Global learning has emerged as a term that reflects the full scope and substance of engagement with learning in and about the world. By using the term “global,” we deemphasize the nation state and shift attention to a greater focus on issues connecting the United States to the rest of the world. Moreover, in addition to the possibility of engagement with the world through the local community, global learning focuses on issues that can be examined by all disciplines and that affect individuals all over the globe—for example, disease, the environment, food security, healthcare, human rights, migration, and water security. Global learning shifts the focus from a specific location or culture to larger issues that affect many parts of the world in interconnected ways. For example, the transmission of HIV and the realities of living with HIV could be examined in both a sociology course and a biology course. Sociocultural factors such as transmission, stigma, and access to medication, along with the biological aspects of HIV, could be explore locally and in different parts of the world.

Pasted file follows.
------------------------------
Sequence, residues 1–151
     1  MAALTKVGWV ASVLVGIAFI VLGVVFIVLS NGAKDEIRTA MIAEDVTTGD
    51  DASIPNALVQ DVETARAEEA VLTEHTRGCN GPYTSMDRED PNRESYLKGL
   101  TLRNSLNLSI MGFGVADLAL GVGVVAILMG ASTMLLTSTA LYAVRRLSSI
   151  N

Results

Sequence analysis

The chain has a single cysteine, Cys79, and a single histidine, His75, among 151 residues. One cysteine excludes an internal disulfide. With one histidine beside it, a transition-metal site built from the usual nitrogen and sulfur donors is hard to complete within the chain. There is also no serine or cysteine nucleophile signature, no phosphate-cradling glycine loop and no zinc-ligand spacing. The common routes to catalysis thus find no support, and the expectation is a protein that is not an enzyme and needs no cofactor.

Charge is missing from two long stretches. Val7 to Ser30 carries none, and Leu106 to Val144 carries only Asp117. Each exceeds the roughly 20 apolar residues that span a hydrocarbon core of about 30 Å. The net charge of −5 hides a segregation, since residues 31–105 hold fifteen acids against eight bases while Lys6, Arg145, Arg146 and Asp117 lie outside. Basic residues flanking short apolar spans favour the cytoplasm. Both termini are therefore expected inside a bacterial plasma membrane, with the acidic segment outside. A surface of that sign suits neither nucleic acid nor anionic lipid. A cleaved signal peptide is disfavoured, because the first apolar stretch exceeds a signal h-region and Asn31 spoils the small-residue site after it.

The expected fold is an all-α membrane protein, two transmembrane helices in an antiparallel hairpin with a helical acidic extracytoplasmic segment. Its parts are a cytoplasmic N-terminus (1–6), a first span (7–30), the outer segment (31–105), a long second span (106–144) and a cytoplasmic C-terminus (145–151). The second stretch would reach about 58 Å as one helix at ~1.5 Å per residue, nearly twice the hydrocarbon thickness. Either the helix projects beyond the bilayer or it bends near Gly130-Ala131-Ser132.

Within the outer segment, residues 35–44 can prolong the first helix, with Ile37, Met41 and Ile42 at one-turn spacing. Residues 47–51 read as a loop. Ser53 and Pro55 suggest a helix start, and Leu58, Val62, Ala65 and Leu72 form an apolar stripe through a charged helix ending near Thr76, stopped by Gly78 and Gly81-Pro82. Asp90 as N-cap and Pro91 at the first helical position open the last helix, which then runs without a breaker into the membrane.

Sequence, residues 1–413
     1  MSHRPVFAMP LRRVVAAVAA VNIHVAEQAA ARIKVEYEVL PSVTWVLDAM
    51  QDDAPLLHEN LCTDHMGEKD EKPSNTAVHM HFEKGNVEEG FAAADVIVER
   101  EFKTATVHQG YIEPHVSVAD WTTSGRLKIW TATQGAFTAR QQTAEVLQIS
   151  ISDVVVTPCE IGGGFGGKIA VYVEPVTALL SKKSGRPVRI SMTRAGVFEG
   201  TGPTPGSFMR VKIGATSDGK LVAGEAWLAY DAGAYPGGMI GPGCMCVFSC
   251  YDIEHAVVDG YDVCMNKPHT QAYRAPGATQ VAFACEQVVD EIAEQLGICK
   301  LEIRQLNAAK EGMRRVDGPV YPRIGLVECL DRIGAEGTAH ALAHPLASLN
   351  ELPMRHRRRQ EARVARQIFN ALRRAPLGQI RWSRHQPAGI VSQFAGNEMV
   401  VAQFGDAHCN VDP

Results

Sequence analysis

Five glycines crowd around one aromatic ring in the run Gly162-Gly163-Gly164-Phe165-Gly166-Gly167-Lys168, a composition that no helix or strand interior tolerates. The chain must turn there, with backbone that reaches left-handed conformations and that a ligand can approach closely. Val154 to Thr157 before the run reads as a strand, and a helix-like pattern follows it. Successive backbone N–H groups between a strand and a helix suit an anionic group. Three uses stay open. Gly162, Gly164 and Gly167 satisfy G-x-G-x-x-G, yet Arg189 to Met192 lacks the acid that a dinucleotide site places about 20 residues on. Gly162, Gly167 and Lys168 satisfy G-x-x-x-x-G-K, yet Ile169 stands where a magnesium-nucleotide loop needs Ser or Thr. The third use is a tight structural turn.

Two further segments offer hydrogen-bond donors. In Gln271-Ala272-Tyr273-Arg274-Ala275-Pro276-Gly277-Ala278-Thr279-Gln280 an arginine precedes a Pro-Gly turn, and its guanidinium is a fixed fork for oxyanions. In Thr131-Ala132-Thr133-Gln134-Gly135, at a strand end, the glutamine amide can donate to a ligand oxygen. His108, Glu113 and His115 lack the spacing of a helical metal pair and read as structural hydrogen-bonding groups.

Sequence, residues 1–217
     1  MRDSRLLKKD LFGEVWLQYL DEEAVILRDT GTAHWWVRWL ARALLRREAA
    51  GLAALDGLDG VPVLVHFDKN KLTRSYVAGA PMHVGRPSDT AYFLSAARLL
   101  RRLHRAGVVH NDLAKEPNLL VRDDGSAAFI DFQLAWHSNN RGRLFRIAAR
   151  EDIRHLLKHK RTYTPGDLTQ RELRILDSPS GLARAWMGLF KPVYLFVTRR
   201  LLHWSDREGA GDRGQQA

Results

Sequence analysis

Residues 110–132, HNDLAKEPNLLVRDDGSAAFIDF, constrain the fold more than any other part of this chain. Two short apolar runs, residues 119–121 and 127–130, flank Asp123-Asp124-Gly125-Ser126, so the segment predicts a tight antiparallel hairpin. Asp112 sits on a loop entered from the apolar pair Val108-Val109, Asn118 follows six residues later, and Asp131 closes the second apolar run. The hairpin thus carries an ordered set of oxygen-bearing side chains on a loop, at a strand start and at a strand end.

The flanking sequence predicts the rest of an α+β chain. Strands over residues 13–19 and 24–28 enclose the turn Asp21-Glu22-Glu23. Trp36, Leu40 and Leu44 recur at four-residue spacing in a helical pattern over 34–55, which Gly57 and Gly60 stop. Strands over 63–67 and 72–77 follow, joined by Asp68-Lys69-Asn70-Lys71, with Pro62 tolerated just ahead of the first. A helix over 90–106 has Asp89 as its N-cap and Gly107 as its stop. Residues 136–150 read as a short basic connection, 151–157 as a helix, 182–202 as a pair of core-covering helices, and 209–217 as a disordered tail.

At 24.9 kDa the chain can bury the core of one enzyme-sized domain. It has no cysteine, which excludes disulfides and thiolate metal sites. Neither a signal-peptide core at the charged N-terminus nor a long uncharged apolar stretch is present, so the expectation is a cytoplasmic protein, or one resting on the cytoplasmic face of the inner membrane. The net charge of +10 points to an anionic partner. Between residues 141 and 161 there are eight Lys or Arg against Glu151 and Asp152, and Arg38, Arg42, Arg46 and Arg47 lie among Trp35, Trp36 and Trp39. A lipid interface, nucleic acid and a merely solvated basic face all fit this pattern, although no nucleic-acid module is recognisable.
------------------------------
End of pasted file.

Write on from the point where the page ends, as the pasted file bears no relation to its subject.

An in-depth examination of global learning

Through AAC&U’s Valid Assessment of Learning in Undergraduate Education (VALUE) project, teams of faculty and other educational professionals from more than a hundred higher education institutions have developed a set of rubrics for use in assessing the learning outcomes identified as essential by the broader Liberal Education and America’s Promise (LEAP) initiative.11 In all, sixteen rubrics have been developed; they delineate the most frequently identified characteristics or criteria of demonstrated learning for each of the outcomes. These rubrics have been tested by faculty in hundreds of institutions using samples of authentic student work.

The most recently developed rubric is one for global learning. This rubric defines global learning as “a critical analysis of and an engagement with complex, interdependent global systems and legacies (such as natural, physical, social, cultural, economic, and political) and their implications for people’s lives and the earth’s sustainability.”12 The rubric suggests that students demonstrate achievement of global learning in six dimensions: self-awareness, perspective-taking, understanding cultural diversity, personal and social responsibility, global systems, and knowledge application. These dimensions clearly indicate the connection between global cultural diversity and domestic cultural diversity—aspects of diversity that are not in competition and, indeed, can inform one another.